Being a project manager requires you to be the master of all trades. You need to have a handle on accountancy, while being an expert strategist, while being about to motivate a team and manage the time of many people.
No one says it is easy and it is quite often managers fall into some bad habits. Self-knowledge is key to taking control.
What Bad Project Managers Have To Work On
If you are worried that you are falling behind in your role ask yourself if you need to improve in specific areas of project management:
Bottom line, you need to know your job, and you need to know your company.
Knowing your company will allow you to draw the different strands of a project together in the most efficient way possible.
Yes, there are policies and procedures within all companies. But, then there are the ways that get things done. If you expect the different departments in an organisation to just bend to your will because you are a PM and you say it should be done – then you are going to struggle.
Work out what greases the flow of action within your institution, and then you will avoid the problems that some bad PMs face – the problem of people purposely placing obstacles in their path because they have ignored visible social protocols.
Knowing your job should go without saying, but many lousy product managers tend to be deficient in one or more of the crucial skill areas.
Project Management requires an understanding of:
- basic accountancy
- supply chain variables such as production, distribution and inventory
- quality assurance
- human resource management
- principles of risk management
- aligning project scope with business goals
A weakness in human resource management could mean that a PM under-estimates the time taken to fulfil a schedule, for instances.
Failure to adequately undertake a risk management audit could lead to foreseeable problems scuppering the progress of a project for weeks, months or causing it fail altogether.
As a project manager, you are primarily a manager of people with an end goal. The project is the team of people seeking its completion. Therefore, at the heart of project management is leadership and management of people – and this means being an effective communicator.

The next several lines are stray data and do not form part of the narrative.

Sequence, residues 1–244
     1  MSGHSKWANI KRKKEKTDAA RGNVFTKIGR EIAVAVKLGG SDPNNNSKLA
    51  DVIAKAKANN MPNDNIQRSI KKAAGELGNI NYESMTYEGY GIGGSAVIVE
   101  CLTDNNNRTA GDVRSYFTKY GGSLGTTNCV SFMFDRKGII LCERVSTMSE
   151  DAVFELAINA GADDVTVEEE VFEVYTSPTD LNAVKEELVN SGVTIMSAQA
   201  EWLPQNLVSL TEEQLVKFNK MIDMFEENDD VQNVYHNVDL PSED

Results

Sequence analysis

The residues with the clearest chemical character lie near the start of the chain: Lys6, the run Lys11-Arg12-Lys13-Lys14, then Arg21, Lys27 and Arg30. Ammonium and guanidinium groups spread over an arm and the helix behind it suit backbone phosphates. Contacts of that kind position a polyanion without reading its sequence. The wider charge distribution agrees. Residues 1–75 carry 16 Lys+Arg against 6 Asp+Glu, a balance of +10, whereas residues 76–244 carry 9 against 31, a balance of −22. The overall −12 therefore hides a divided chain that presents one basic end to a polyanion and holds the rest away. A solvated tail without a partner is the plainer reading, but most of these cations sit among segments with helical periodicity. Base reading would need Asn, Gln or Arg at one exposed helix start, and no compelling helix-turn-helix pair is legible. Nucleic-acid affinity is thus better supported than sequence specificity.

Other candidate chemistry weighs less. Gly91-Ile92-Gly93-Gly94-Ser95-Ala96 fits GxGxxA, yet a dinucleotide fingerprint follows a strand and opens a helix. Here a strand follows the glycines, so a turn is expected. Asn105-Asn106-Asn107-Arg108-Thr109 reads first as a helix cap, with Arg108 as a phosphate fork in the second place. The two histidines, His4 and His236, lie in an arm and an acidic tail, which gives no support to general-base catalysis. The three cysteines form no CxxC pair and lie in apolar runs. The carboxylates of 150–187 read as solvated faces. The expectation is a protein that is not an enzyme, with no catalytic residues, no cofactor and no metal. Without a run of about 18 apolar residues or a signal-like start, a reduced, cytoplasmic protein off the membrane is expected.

Project Managers need to communicate to clients and stakeholders, as well as listen to them. The same is true of the workforce tasked to deliver the project.
Bad PMs tend to fail at the first hurdle and not take the time to collaborate effectively with clients and managers. This means that the project brief is not thoroughly understood or agreed and the success criteria not explicitly defined in anyone’s minds.
Hence, when the project delivers it is a lottery as to whether stakeholders are getting what they had hoped to receive.
Bad PMs also do not ask questions about timelines, resources, budgets, potential barriers to project completion. They make assumptions, and these tend to be based on an incomplete knowledge base.
Fail to talk to stakeholders and listen to their needs is only marginally worse than failing to listen to those who are working with you on the project.
Neglecting to follow up with key personnel involved in the project to learn about any potential problems or concerns, could leave them demotivated and unproductive.
Listening to your team is how you spot the early warning signs of delay and a runaway budget. If you fail to listen, then you could allow minor issues to escalate into costly delays and ultimately the failure of the project.
All the best Project Managers are people who look to put systems and structures in place. They would have been the child at nursery who organised all the soft toys by colour and shape and coordinated the children in construction duties at the sand pit.
They love order.
On the other hand, a lousy project manager will fail to consider all the factors that might impact upon the project. Therefore, there will be elements that go undone or events that take the team by surprise.
They will also try to manage with pieces of paper and quick emails, rather than organising work through a central software tool. Due to the lack of a project management software applications, it is likely that the workflow will lack logical sequence and dependencies will not be fully explored.
Time is a significant factor in the life of a project manager. The most effective use of time will set the good and the bad manager apart.
Effective planning at the start and as the planning horizon is approaching will avoid the repetition of tasks and the completion of activities that serve no purpose towards the end goal.